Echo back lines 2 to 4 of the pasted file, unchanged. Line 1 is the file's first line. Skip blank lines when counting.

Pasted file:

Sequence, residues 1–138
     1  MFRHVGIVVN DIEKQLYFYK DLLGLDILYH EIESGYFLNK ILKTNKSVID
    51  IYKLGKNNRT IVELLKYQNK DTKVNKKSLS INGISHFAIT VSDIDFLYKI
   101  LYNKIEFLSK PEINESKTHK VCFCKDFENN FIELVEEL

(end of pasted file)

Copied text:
     1  MFRHVGIVVN DIEKQLYFYK DLLGLDILYH EIESGYFLNK ILKTNKSVID
    51  IYKLGKNNRT IVELLKYQNK DTKVNKKSLS INGISHFAIT VSDIDFLYKI
   101  LYNKIEFLSK PEINESKTHK VCFCKDFENN FIELVEEL